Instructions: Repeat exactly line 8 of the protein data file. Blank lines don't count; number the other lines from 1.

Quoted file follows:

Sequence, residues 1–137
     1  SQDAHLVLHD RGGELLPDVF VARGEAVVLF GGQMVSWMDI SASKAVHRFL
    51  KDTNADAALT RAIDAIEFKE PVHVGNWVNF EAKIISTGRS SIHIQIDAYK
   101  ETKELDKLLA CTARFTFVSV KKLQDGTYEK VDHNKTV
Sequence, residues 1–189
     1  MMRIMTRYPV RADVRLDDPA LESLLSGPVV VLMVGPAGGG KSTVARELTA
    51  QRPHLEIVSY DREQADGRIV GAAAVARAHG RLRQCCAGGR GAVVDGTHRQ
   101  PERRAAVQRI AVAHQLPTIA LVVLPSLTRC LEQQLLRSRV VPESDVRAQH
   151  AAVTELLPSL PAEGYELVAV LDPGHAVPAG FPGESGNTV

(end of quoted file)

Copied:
   101  PERRAAVQRI AVAHQLPTIA LVVLPSLTRC LEQQLLRSRV VPESDVRAQH